Bird Droppings March 19, 2020
Setting priorities on a chilly spring morning
“Keep in mind that you are always saying ‘no’ to something. If it isn’t to the apparent, urgent things in your life, it is probably to the most fundamental, highly important things. Even when the urgent is good, the good can keep you from your best; keep you from your unique contribution, if you let it.” Steven J. Covey
My youngest son when he was home back in the days would dig up old Guinness books of world records or old Sports Illustrated magazines to assist him with issues he might have in the bathroom. Just by chance or coincidence for whatever reason I picked up an old Sports Illustrated magazine just before writing this morning, Rick Reilly’s “Life of Reilly”, the editorial on the last page and it is about one of the worst NCAA basketball programs in history, Caltech.
“There is a T-Shirt you can buy in the university bookstore that reads CALTECH FOOTBALL: UNDEFEATED SINCE 1993. Possibly because Caltech hasn’t had a football team since 1993” Rick Reilly
As I read through Rick Reilly’s article it was interesting there are two players on the basketball team with perfect SAT scores, five faculty members have won Nobel prizes, one professor has discovered the tenth planet in our solar system just recently, but in NCAA basketball 21 years without a win. How is that for priorities?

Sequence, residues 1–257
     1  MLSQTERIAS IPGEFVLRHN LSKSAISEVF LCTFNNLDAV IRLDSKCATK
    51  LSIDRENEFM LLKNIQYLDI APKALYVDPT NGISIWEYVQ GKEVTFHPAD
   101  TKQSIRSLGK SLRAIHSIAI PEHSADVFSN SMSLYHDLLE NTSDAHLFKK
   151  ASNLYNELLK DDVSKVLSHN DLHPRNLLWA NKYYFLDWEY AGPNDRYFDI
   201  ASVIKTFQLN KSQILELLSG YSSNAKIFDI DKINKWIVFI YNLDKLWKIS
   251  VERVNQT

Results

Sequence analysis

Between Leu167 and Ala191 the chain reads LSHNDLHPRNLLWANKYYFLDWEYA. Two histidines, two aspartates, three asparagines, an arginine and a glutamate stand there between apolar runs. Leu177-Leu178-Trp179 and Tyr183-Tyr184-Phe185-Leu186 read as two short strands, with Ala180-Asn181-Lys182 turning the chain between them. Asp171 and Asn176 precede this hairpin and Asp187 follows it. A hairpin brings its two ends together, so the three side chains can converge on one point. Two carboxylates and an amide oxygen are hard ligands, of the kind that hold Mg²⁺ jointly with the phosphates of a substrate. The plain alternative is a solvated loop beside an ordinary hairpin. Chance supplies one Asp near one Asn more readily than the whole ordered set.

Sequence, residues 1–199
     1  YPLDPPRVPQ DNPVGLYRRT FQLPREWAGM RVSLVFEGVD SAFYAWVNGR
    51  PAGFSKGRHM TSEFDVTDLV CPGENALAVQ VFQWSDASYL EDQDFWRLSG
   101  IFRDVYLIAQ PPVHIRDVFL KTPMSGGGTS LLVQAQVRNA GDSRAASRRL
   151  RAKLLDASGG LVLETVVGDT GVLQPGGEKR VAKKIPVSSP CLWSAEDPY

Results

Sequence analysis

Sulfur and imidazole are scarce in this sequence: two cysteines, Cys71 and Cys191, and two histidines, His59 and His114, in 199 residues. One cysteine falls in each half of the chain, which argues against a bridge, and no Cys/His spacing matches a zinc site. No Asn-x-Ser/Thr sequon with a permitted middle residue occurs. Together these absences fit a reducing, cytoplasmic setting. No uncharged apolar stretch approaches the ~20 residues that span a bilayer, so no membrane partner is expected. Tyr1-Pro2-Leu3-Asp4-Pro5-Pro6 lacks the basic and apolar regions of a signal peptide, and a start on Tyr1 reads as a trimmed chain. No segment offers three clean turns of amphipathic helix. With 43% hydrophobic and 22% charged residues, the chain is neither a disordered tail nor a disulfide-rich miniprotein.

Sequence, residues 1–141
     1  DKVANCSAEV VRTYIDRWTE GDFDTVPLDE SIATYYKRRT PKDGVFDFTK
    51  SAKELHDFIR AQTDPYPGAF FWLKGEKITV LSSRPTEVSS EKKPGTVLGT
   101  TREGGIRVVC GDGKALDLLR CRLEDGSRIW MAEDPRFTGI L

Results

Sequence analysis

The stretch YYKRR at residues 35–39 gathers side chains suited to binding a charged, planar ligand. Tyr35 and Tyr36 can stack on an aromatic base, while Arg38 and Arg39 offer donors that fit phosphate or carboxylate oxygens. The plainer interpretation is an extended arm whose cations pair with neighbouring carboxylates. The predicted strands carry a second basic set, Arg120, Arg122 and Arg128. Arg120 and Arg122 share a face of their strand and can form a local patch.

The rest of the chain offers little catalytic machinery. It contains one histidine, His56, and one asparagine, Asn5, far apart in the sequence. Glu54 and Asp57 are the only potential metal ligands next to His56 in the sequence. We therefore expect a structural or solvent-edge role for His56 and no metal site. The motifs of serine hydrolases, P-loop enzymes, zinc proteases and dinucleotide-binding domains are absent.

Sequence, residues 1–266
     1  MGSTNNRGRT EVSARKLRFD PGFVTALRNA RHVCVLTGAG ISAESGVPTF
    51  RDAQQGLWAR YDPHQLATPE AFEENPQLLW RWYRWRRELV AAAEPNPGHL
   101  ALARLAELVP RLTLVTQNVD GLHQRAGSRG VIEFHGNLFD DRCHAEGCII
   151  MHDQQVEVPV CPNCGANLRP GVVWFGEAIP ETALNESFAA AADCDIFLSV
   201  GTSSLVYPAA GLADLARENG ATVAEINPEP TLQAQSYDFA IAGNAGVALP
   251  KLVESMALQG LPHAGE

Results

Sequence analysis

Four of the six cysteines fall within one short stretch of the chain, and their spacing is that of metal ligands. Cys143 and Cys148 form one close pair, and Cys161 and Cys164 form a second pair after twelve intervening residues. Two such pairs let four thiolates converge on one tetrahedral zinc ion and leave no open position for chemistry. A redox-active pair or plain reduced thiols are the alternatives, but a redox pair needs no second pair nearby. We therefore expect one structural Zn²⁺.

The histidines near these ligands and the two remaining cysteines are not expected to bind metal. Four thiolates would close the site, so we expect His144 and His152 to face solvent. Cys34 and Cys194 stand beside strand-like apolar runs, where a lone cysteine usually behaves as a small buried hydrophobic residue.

“It is very nearly impossible… to become an educated person, in a country so distrustful of the independent mind.” James Baldwin
This statement hit me hard, we talk and use test scores as measuring sticks yet somehow between it all football and basketball scores are still more significant more meaningful than SAT scores or academic awareness. The academic bowl team fights to get a bus and the football team rides on a charter bus in many schools. The last line of Reilly’s article struck me. As I look even at the high schools I have taught in, I doubt anyone could tell you when we last won a state championship in an academic bowl. Most can tell you who is current state wrestling champ, softball champ, baseball champ or which team was in elite eight.
“As an opposing player – whose team had just slaughtered the Beavers (Caltech) – said as he shook each Caltech player’s hand, ‘Now go out there and cure cancer for us.’” Rick Reilly
Here on a day when college admissions are under fire amazingly in many schools’ coaches will find ways for athletes to pass or systems will find ways to pass them. It may be tutors, special programs, and I heard somewhere TV money paid for the expansion of Georgia’s football stadium. In more recent news trials of parents who cheated to get kids into prestigious colleges. Perhaps it is me who has priorities wrong. Many of my students will never find a cure for cancer and or be on a winning football or basketball team, some may not ever hold much of a job. Many the day as I look back over students from the past that I can use jail time as an indicator. But I think back to a former student who as a senior had the runner up an essay I state competition. I am probably the only one who can name him. What about former students who are in college and or have graduated and are raising families and many said they would never graduate high school. Somewhere along the way maybe a kind word or thought gave the push in the right direction.